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How to change a company culture in 5 steps

4 min read  |   26 November, 2021   By Aimee O'Callaghan

A group of people stand smiling, facing the camera in a workplace. They are happy, some have their fists punching the air in triumph.
    

Everyone wants to work within a good company culture- but what if your culture needs to change? What needs to happen to allow for culture to adapt?

We’ve written about the impact of negative workplace culture on wider society, but this may not always be the case for every organisation. Perhaps your company culture is even too nice, which can have unfortunate ramifications as well.

What is culture?

Merriam-Webster defines culture as “the beliefs, customs, arts, etc., of a particular society, group, place, or time”. The definition of culture for an organisation is actually listed as “a way of thinking, behaving, or working that exists in a place or organisation”. Whilst this is accurate, of course, it’s the first definition that resonates.

If patterns of behaviour, comments or actions in the workplace have got you thinking that your organisation’s cultural beliefs or customs could do with shifting, we’ve got you covered. This article covers 5 steps that will help you to change a company culture.

5 steps to change a company culture

1. Evaluate

What needs to change? What is it that sparked the initial thought that your organisational culture could be improved? It’s also worth thinking about what is working, and what needs to stay the same.

Is it time to re-assess or re-visit your organisational values? Are they still working? Another question to consider might be around whether your team are aware of your values. Values should be at the forefront of people’s minds every day, shaping their work and their approach in all they do.

2. Create a plan

This is the time to examine exactly how you’re going to implement the changes you’ve identified. Who needs to be informed and what will Operation: Change Culture look like for your business? It’s also worth noting who is responsible for which actions, as well as when you’ll re-evaluate your efforts to shift your culture forward.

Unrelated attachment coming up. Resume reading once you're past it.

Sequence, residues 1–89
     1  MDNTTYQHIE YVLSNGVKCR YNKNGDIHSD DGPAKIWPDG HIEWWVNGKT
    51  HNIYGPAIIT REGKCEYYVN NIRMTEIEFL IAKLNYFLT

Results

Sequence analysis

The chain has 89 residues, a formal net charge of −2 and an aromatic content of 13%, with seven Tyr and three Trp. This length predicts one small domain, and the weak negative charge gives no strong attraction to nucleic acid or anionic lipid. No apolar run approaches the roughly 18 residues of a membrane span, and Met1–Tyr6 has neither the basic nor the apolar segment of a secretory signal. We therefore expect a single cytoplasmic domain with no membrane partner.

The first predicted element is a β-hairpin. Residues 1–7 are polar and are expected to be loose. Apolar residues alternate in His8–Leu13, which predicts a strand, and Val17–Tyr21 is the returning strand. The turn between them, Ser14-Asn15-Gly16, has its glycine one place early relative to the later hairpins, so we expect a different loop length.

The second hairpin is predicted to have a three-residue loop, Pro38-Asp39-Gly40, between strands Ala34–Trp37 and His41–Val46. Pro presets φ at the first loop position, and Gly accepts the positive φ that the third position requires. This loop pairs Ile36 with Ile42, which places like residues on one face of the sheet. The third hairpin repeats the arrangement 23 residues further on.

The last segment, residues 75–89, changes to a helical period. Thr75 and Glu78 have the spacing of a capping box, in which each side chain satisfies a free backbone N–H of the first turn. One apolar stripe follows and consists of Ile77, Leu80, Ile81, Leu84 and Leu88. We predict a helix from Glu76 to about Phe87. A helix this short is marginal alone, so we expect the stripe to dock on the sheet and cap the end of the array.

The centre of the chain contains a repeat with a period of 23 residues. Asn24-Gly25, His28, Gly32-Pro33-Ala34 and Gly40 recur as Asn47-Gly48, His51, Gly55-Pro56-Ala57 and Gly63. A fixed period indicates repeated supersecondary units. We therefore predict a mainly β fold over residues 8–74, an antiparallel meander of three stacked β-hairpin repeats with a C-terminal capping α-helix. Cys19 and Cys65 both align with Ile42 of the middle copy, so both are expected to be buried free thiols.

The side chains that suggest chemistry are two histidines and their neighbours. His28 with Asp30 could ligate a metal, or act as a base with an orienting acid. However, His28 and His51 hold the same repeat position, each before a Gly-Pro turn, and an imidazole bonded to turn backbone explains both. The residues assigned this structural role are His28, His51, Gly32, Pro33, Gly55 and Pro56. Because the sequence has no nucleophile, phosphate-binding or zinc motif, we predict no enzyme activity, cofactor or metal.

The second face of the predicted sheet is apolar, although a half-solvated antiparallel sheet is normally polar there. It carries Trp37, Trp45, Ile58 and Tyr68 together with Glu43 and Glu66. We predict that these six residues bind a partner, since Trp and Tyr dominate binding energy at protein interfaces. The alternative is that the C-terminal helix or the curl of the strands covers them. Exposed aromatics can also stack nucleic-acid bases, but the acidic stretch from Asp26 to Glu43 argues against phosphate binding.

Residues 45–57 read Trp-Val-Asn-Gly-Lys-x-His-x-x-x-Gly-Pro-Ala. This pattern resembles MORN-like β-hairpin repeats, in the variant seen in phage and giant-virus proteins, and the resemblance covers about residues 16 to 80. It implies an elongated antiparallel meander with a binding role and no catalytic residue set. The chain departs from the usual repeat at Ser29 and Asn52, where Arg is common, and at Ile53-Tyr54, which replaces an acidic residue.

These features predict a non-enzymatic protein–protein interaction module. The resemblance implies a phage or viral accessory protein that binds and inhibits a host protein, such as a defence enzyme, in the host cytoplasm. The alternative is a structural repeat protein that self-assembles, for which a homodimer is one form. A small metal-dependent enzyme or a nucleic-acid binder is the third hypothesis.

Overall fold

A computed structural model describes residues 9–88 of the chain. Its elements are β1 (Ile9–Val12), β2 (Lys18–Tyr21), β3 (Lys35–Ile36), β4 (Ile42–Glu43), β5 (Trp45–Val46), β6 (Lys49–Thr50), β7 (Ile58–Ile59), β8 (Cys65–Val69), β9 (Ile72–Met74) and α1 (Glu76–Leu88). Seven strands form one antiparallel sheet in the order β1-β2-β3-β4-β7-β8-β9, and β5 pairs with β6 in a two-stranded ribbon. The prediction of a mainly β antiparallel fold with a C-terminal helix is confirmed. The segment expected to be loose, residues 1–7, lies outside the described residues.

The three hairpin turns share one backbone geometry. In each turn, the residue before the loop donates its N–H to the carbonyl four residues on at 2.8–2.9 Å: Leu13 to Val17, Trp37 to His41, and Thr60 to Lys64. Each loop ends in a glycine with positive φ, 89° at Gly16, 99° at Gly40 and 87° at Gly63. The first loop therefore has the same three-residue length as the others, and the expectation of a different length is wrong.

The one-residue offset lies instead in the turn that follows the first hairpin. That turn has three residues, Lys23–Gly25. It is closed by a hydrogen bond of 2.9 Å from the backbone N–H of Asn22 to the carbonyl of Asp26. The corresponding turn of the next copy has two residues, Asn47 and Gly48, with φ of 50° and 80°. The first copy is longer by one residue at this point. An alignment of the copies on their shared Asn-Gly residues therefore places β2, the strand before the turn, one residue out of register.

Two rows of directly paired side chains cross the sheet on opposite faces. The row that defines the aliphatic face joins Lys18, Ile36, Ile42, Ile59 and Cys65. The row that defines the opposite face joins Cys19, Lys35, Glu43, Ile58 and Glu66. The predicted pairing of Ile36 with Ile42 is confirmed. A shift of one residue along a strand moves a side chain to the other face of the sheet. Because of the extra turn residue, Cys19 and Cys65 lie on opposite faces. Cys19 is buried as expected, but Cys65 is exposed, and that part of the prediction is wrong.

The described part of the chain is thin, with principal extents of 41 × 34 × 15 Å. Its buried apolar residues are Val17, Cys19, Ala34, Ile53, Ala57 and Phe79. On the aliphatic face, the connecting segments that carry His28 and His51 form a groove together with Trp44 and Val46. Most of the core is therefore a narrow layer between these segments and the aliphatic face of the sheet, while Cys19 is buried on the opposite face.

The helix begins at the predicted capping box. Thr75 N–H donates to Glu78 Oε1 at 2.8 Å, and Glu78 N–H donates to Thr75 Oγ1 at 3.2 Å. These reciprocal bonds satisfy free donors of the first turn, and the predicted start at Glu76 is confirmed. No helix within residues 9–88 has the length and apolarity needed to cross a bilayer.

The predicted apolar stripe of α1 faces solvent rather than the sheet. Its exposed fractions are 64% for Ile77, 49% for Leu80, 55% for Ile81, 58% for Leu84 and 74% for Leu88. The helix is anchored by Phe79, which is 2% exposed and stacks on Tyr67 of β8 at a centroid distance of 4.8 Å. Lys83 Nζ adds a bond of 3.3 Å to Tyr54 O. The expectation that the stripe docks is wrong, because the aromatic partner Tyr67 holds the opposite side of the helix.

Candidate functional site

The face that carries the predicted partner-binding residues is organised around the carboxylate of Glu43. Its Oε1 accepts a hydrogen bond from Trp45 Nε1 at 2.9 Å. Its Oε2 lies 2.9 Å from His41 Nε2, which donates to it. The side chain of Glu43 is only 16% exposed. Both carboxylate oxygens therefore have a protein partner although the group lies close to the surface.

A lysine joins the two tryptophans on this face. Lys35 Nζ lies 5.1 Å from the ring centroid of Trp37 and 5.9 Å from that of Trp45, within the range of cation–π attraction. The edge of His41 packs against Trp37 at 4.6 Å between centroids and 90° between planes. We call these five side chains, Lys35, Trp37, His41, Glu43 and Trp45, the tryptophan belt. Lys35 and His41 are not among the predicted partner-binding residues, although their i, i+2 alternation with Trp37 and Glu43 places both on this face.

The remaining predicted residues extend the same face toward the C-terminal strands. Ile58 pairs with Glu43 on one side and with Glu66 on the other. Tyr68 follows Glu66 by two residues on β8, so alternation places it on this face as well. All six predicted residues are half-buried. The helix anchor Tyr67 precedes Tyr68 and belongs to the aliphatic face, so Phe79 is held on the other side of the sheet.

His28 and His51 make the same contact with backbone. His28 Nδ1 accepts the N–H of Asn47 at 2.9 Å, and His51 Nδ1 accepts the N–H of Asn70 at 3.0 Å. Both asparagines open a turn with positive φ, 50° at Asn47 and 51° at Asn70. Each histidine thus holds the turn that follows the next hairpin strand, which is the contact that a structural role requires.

3. Communicate

Before you can even think about organisational change happening, you need to have a clear plan to communicate your thoughts and reasoning to your team. Carefully consider how you might do this- bear in mind that the appropriate tone rarely comes across in text form. Some topics are still best discussed face-to-face rather than via email (or via work messaging platforms like Slack). Explain what needs to change and ensure that your team have a clear incentive to change their behaviour- such as how positive cultural changes will affect them.

Ideas for change and values can be in place but the important thing is to motivate people to make changes. If people aren’t invested in the reasons why change needs to occur (or don’t see the reason why they need to) then change can’t - and won’t - happen.

If you really want to shift your culture in a different direction, you’ll need to make it clear what needs to change, as well as why.

4. How to support implementing cultural changes

Hire with intent- make sure that any job descriptions are created with your cultural vision in mind. As well as the usual traits and skills you look for in new recruits, be mindful that you’re hiring in accordance to the change you’d like to see in the organisation.

Remind your team of what needs to change and what you’re doing to achieve this as often as is reasonably possible. Speaking about any one topic too much is enough to make people switch off, but at company meetings or updates you might be able to find new and creative ways of updating the team on the progress of the cultural changes, however big these are.

Display your (new or existing) values somewhere visible, such as printed on the office walls or in a company announcement banner within your HR software. Whilst making your values more visible alone won’t do much to implement the culture change you’d like to see, actions such as this will support what you’re trying to do in changing attitudes and behaviours. At the very least, it will help your team understand the goal of what everyone is working towards.

5. Be patient

Just as developing a culture takes time, so does changing one. This won’t be an instant fix (and if it is, something hasn’t gone right). Getting people on board and modifying behaviour and practices will be part of a process. Expect and plan for a gradual change rather than a complete turnaround in a few weeks.

Changing for the better

The Breathe Culture Pledge was set up in 2018 to help SMEs who are proud to put their people first. This also includes those who want to better their culture and are striving to improve it. If you’ve made the first important step towards cultural change by realising that change needs to happen, joining the Pledge can help you to achieve your goals. Join our free community of like-minded SMEs today.

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